Natural Dyeing

I’ve felt inspired to do some natural dyeing and weaving lately.  It’s good to mix things up.  It keeps me interested and excited about my work.

I have a pot of eucalyptus bark simmering in the studio. It gives a beautiful reddish-brown color, and smells great.

Last week I wove this scarf from soft cotton yarns that I dyed with plants.

Here’s a close-up of the yarns and the weave.  I like that it’s not perfect.  It has a wabi sabi handmade look about it that appeals to me.

Some of the plants used to dye these colors were pomegranate rind, madder, red hibiscus flowers, brown onion skins and calendula flowers.



  1. Cassandra, I was blown away by your eco prints with leaves. I tried my first today and was overjoyed. I like you eco printed fabrics also, but you could go much further. Even with cellulose fabrics by using different mordants alone or in combination you can get some great prints. If you'd like, check out my blog at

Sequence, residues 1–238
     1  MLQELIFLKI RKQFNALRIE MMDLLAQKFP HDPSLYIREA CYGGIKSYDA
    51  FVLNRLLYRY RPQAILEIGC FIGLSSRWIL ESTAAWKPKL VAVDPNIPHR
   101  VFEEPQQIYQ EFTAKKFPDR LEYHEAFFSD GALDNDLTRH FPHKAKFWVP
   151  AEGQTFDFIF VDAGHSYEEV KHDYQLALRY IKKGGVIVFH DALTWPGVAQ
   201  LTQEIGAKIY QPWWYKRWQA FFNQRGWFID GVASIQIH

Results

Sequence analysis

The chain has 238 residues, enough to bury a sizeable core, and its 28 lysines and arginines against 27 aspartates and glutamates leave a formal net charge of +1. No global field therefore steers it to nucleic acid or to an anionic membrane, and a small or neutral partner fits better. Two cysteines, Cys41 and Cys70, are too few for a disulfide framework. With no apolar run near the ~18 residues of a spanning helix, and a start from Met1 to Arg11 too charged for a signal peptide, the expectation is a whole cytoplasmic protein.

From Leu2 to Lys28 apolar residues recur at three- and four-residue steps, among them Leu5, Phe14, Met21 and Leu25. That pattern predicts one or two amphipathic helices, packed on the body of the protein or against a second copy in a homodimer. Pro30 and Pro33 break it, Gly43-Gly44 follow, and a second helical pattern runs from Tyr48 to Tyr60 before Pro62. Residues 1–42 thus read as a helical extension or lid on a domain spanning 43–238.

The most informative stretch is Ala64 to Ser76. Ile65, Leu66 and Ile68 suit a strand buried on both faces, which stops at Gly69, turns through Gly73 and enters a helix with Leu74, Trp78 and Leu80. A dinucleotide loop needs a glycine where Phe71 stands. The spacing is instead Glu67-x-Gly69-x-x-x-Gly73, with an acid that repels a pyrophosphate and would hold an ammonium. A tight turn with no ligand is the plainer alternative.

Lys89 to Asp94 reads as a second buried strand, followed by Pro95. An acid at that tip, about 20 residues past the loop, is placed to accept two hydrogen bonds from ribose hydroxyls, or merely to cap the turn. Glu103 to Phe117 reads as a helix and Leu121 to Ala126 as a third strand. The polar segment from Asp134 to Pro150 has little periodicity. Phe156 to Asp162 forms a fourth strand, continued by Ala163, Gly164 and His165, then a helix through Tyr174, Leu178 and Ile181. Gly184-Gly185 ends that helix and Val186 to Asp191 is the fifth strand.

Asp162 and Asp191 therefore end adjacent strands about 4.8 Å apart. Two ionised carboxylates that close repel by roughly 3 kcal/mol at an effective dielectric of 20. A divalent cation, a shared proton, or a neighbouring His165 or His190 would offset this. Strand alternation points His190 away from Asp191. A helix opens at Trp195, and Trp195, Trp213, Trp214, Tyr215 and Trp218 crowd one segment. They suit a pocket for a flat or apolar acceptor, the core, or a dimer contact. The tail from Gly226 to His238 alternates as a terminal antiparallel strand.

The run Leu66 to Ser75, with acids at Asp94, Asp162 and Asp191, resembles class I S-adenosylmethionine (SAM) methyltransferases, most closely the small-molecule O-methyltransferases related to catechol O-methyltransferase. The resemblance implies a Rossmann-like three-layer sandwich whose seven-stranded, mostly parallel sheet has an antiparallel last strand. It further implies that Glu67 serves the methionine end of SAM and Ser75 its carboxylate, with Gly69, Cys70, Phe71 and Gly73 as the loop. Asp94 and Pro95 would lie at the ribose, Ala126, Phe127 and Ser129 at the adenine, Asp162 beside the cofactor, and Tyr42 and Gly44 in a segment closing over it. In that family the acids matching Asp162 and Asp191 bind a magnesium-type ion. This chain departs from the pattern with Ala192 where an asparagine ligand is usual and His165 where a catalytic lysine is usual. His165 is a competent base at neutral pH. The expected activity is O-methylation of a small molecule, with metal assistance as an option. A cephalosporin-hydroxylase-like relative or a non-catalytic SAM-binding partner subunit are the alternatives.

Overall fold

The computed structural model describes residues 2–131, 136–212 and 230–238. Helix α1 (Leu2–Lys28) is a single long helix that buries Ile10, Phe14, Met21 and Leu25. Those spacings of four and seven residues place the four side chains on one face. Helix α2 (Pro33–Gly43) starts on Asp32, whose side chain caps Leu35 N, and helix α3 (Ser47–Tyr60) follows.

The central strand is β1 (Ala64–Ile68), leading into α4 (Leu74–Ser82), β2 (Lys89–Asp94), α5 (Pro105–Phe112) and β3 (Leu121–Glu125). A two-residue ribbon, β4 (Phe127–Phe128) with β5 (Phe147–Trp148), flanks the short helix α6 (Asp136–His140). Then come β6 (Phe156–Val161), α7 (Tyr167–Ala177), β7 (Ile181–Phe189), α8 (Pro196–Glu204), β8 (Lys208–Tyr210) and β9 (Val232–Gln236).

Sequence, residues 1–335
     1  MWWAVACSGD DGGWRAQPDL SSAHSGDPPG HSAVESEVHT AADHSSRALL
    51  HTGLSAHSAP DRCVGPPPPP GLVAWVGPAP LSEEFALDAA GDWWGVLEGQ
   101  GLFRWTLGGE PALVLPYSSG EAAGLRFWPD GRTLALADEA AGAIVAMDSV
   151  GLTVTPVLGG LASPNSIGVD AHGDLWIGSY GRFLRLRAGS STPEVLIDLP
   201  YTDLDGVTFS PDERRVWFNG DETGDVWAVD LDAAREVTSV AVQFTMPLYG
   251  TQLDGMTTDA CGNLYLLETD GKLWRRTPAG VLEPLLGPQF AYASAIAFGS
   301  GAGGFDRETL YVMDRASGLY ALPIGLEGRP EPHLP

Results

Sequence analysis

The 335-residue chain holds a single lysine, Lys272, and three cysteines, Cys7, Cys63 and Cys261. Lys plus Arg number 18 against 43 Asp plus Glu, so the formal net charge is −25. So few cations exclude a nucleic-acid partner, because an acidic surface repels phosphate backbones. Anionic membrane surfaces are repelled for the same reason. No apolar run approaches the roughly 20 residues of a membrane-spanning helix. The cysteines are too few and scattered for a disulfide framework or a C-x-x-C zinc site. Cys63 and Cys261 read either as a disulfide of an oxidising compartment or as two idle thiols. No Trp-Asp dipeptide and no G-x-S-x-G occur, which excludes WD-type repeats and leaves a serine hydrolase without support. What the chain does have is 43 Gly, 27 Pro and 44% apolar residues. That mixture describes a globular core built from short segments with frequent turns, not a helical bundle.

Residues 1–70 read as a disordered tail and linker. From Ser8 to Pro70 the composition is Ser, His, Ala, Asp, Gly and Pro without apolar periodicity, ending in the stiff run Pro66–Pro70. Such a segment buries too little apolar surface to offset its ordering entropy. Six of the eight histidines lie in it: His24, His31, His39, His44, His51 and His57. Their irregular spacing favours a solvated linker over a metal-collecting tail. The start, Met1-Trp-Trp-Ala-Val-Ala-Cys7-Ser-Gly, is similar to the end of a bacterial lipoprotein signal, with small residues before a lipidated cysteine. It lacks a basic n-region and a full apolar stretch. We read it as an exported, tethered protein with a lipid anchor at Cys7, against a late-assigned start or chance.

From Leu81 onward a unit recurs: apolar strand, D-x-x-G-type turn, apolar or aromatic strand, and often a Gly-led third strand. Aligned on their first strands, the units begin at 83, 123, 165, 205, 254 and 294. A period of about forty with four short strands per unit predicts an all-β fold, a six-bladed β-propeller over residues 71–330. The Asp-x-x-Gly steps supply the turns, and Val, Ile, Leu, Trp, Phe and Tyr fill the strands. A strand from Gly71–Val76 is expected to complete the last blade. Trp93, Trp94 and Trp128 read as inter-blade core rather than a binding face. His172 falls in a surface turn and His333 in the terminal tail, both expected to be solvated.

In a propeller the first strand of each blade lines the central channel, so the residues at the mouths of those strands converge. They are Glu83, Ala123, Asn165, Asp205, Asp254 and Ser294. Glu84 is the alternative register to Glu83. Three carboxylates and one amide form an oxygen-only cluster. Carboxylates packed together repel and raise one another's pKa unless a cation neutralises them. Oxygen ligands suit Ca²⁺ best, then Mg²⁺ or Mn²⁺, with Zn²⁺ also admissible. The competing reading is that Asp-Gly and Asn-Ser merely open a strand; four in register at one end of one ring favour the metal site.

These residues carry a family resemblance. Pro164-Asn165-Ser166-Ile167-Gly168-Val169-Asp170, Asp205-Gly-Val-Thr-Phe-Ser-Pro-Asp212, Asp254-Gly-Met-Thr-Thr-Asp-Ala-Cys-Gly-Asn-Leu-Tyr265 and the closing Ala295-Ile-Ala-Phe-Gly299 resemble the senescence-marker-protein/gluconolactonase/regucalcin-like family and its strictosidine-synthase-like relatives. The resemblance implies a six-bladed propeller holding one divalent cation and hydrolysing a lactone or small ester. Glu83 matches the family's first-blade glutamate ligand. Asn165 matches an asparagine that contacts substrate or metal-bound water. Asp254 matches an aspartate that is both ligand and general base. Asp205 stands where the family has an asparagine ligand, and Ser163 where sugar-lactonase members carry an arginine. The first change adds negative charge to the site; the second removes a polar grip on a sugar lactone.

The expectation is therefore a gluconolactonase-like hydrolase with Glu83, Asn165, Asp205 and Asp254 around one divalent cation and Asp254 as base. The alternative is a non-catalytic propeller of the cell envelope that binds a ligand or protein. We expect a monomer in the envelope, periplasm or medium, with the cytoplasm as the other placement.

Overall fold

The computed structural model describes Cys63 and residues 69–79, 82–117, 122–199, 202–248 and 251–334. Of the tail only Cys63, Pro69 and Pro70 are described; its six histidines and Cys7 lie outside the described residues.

I try to set no limits before I try something, and I am thrilled with my results. I posted my first prints on paper today. Thanks for the inspiration.

  2. Dip and Stain, I LOVE your ecoprints on paper! They're gorgeous. It's so much fun, isn't it? Your shibori and rust-dyed prints are fabulous as well.

    I usually avoid powdered mordants, which is why my prints on cellulose fibers aren't all that great. The ones layered next to the cardboard always turn out the best, but then when I tried a whole stack of fabric layered with cardboard, they didn't turn out well. I need to do more experimentation.

    I know that cardboard is highly alkaline, so I tried soda ash, and those weren't so great, either. Soy milk is better, but the prints are nowhere near as nice as the prints on paper.

    Thanks for sharing your work with me! I'll be following your blog.

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